I've never tested the water, we have a 5 gallon tank with filter and aeration and our original goldfish, goldberg is 3 inches long. The other fish were approximately 2 1/4 - 2 1/2 inches long. They've never had any red streaks on them other than getting listless approx 24 hrs before dying never exhibited any unusual behavior and were still eating. They looked just like the day we brought them home. None of the other fish were common goldfish, which I guess that is what he is. He doesn't have the fancy long tail, he's torpedo shaped and was won at the carnival. The first one that lived with him that I mentioned before (bomber) lived for over 2 yrs.


I've always done 10 percent changes once a week and then every 4 wks I take a gallon or so of the existing water out and put it in a glass bowl, then take the tank, rinse the plants, tank and decor and just wipe the tank out with a paper towel. Never using any type of soap or cleaner. I use the water conditioner for goldfish and feed them regular goldfish flakes once a day.

The other two fish that have died were goldfish, but one was a speckled (like a calico cat) although it was not one of the expensive ones it cost $2.00 and the other was bright orange and white with markings similar to a clown fish but again only cost $3.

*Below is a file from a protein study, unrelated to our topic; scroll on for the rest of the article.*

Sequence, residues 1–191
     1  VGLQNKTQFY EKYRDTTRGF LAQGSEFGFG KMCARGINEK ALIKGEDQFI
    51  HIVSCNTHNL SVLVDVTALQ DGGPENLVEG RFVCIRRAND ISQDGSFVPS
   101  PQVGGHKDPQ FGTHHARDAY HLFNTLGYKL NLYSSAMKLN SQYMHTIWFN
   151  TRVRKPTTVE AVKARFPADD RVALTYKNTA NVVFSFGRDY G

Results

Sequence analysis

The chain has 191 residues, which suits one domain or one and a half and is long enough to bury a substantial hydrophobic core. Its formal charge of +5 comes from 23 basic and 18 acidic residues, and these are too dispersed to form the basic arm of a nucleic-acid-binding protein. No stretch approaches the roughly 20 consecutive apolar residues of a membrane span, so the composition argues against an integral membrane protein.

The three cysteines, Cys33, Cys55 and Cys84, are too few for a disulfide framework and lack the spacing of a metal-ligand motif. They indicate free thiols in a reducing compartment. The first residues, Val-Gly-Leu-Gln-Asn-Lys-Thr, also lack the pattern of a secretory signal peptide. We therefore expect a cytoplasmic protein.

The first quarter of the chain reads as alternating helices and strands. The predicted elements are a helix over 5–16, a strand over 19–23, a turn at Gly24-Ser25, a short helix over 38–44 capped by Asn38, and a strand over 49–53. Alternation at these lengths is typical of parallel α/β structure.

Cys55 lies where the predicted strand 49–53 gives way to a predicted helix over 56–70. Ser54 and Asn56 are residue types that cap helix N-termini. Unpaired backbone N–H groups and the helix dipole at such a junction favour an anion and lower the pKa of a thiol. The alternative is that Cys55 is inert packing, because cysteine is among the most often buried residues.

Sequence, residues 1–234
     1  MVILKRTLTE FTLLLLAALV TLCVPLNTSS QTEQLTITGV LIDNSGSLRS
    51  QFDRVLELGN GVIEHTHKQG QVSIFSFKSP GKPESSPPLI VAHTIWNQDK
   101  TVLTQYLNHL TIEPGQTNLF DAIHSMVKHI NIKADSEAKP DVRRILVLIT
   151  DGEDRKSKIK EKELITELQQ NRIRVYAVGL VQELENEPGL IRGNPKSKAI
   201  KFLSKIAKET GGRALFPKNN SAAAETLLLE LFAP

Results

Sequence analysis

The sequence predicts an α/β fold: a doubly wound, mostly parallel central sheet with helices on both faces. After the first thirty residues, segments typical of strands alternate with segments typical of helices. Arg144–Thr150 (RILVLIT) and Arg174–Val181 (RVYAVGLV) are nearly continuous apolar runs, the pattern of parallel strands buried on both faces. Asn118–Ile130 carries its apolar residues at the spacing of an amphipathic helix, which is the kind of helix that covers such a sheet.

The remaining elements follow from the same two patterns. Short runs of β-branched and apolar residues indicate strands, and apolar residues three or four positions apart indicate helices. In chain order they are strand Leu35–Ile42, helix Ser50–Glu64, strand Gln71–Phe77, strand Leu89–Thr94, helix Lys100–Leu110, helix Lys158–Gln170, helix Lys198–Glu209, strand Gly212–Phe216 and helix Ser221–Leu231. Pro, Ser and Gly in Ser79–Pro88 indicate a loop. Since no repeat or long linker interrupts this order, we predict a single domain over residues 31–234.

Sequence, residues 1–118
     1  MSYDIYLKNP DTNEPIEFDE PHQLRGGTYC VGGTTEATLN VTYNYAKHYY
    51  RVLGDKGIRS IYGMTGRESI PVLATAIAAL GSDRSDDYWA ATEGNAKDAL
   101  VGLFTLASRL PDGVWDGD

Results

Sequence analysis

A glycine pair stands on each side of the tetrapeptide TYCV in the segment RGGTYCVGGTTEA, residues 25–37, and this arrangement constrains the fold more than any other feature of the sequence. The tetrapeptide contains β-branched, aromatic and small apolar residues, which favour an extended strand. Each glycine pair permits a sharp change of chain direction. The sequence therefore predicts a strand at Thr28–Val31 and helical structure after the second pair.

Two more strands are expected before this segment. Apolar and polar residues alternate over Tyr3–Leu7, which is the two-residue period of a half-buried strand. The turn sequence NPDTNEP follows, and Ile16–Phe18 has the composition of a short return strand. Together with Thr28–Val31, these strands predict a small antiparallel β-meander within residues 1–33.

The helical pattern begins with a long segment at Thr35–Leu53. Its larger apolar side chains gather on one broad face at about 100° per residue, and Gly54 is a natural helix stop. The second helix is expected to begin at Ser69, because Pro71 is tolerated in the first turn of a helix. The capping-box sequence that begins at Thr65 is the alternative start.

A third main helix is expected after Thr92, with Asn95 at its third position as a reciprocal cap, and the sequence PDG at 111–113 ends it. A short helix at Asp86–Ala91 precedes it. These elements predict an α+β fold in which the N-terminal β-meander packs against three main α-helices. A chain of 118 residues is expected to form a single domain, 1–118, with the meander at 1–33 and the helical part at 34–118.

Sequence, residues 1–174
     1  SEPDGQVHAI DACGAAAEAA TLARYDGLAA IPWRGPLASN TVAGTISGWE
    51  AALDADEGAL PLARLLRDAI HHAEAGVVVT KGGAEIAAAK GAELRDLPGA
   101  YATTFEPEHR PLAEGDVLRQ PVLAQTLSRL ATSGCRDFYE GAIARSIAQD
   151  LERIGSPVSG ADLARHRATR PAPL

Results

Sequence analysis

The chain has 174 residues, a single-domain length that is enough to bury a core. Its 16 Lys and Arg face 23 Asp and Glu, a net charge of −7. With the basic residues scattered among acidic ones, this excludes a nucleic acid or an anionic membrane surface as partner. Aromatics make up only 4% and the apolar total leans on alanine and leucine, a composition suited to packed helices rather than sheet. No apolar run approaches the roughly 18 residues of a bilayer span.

Thank you for getting back to me. The biggest problem is that your tank isn't big enough for two goldfish. I'll explain. Goldfish produce a tremendous amount of waste for their size. It used to be recommended to have one gallon (about 4 liters) of water per inch of fish. that still holds true for tropical fish, but not for goldfish. There are various recommendations, ranging from 2 gallons (8 liters) per inch of fish to 30 gallons (about 113 liters) per fish, regardless of size. So, even going with the minimum recommendation, Goldberg is ready to be moved into a larger tank. As he grows, he'll need more and more room, and if you want to keep more than one fish, you'll need an even bigger one. I’ll share my own experience with 18 inches total of goldfish (3 fish). They are in a 90 gallon tank. I have an undergravel filter, a hanging filter, and a powerful canister filter. It takes all three of those filters to maintain perfect water quality. Regardless of tank size, frequent water testing is needed.

What probably happens is that w hen you introduce new fish, ammonia and nitrites build up in the water. When that happens, the weaker fish will die first. New fish from the pet store are often not in the best of health, so it makes sense that poor water quality would affect them before Goldberg. After the new fish dies, your water changes and cleaning improve the water, keeping Goldberg healthy. Chances are the first fish you got lived longer because Goldberg was smaller then, and it took longer for the water to become toxic.